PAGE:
The Medium is the first real exclusive for the Xbox Series X|S from Bloober Team, the creators of Layers of Fear and Blair Witch. This ambitious horror title tells the story of Marianne, a medium tasked to solve a mystery regarding her past at a dilapidated resort where spirits haunt its ominous remains.
What drew me to this game during the Xbox Showcase last year was its dual-world feature where the player could see both the corporeal and the spirit world simultaneously. While this feature really could drive curious gamers to pick up the game, would it sustain itself as a mainstay or is it merely a gimmick that fades once its novelty has run its course?
The game starts off somber and slow, a death in the family halted protagonist Marianne’s somewhat tumultuous life. A curious call sends her to the much maligned Niwa (pronounced Nee-va) resort, a forgotten area plagued by urban legends and has been avoided by the general public.
To call The Medium a horror game is selling it short, and the best way to define the game is that it is a paranormal mystery with horror elements. The title feels like a Resident Evil walking simulator without the survival horror elements. For the most part, the game tries really hard to be scary but falls flat in that aspect as it utilizes cheap jump scares along with excessively activating the rumble function on the controller for no particular reason.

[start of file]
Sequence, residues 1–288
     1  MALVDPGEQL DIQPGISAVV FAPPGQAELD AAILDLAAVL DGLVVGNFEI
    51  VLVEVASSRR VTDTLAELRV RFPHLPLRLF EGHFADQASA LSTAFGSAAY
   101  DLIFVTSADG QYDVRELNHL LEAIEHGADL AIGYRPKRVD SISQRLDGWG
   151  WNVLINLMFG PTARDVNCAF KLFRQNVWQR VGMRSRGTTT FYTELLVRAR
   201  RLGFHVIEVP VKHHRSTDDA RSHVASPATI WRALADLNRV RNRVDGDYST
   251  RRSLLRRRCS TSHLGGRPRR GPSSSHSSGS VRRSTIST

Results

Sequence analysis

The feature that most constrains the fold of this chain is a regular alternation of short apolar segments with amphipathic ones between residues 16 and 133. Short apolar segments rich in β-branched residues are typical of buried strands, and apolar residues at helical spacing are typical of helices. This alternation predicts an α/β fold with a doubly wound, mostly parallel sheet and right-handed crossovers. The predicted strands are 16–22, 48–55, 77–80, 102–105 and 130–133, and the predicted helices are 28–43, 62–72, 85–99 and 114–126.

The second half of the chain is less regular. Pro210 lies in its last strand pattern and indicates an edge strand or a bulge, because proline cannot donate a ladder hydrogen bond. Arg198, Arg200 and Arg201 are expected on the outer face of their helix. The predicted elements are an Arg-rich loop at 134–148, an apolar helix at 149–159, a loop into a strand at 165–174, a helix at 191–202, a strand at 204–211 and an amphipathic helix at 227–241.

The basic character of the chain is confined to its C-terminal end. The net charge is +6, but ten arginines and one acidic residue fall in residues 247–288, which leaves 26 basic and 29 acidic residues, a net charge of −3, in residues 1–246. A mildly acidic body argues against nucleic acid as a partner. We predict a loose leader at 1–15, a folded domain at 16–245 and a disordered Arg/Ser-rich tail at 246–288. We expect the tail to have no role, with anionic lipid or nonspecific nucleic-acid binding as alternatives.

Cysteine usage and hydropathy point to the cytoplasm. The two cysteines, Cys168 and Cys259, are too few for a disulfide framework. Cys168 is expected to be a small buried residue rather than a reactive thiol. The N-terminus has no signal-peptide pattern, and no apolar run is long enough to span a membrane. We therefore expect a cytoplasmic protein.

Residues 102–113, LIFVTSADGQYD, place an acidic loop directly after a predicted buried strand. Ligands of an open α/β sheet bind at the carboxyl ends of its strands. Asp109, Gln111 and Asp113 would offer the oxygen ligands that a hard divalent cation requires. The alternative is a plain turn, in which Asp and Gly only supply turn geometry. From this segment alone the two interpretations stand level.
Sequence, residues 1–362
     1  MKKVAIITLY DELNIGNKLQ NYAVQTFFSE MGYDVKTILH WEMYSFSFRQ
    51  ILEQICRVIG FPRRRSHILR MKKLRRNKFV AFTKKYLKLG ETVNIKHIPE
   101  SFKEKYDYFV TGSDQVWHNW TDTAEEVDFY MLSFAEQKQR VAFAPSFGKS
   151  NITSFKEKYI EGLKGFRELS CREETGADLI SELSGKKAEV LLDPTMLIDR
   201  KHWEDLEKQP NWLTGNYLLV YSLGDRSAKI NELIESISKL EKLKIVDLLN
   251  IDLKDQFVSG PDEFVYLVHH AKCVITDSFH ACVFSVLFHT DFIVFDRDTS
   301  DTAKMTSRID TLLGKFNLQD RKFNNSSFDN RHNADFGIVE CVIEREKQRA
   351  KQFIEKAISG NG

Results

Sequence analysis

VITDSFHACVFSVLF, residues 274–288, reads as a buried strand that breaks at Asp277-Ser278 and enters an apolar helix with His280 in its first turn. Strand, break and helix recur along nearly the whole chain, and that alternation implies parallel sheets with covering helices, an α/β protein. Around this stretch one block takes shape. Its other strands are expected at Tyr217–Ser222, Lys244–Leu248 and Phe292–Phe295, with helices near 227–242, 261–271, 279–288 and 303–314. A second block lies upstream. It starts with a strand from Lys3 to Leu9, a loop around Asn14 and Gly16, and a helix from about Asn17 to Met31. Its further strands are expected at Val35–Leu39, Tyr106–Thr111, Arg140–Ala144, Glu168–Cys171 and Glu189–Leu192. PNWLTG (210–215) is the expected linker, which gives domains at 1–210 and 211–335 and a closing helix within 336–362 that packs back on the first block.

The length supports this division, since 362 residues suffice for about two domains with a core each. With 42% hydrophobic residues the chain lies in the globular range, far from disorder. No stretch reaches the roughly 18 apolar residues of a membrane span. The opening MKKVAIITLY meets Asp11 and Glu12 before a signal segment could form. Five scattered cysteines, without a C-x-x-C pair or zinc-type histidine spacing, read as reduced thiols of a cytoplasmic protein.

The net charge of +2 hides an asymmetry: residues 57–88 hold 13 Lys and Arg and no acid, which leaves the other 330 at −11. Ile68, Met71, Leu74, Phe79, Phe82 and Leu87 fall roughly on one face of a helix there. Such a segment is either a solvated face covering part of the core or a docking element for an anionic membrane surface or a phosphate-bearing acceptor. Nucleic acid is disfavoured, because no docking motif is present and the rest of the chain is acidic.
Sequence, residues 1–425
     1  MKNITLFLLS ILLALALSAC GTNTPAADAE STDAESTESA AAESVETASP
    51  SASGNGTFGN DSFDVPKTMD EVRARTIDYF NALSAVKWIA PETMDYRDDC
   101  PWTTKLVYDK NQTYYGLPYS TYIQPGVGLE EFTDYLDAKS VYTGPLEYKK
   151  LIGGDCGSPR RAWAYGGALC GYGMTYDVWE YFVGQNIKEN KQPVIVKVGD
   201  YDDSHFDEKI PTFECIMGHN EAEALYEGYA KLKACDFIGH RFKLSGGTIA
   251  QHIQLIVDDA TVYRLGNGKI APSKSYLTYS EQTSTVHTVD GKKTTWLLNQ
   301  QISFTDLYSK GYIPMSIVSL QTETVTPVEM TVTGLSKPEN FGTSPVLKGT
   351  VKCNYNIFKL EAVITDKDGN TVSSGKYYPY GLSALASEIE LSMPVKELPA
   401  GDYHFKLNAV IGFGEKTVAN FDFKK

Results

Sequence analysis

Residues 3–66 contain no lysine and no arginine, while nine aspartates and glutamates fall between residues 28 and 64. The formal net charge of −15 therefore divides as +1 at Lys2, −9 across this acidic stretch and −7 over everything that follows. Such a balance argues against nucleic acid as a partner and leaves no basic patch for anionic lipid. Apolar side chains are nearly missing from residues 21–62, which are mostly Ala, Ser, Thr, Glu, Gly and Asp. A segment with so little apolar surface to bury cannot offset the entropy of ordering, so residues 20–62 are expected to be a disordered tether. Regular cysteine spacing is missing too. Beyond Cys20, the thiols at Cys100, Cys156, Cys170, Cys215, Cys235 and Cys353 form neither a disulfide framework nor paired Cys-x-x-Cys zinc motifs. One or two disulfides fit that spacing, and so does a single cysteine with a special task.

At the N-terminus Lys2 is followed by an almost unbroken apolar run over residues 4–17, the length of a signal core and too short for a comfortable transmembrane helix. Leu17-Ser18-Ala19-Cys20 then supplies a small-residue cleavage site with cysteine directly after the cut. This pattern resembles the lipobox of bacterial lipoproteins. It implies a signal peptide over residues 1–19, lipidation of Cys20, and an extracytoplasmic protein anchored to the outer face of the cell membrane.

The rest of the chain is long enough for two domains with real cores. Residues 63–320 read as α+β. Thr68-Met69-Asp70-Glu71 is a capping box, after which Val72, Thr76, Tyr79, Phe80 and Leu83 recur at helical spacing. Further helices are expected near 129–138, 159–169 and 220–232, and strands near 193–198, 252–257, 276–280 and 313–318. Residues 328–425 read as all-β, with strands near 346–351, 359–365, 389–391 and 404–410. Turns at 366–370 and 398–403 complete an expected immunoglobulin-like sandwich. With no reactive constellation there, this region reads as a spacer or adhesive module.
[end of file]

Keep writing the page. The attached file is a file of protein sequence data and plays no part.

The game score plays anxious horror music while throwing jump scares into scenes that cheapens the moment and actually downplays the story that’s being told. The ambient noise and ghostly whispers feel overdone for the most part and tends to get annoying when it bleeds into the investigation aspect of the game.
The orchestrated music doesn’t really add to the game as at times there is a mismatch to the score being played and the general mood of the scene. While I’ve tuned most of the music out for the most part, there are times where some well orchestrated music creeps up on you and you feel its impact. It would’ve been great if it was consistent.
What exacerbates the cheap horror gimmicks is the awkward control design. The insight function causes your controller to rumble uncontrollably. As a scanning function, you’ll be using it quite frequently, making the rumble feature annoying. Putting the running ability as a left trigger when the insight button is located on the left bumper crowds the left triggers while the right triggers are under-utilized. It may be a minor quirk for some, but we love our intuitive control schemes and this isn’t one of them.
While we could map the buttons as wish, it is just as awkward to put your spirit powers on the left trigger area when we’re conditioned to perform actions on the right side. Yet throughout the game we seldom use these action commands so it still feels under utilized given that almost 40% of the game is spent on investigative moments and another 40% is with cut scenes.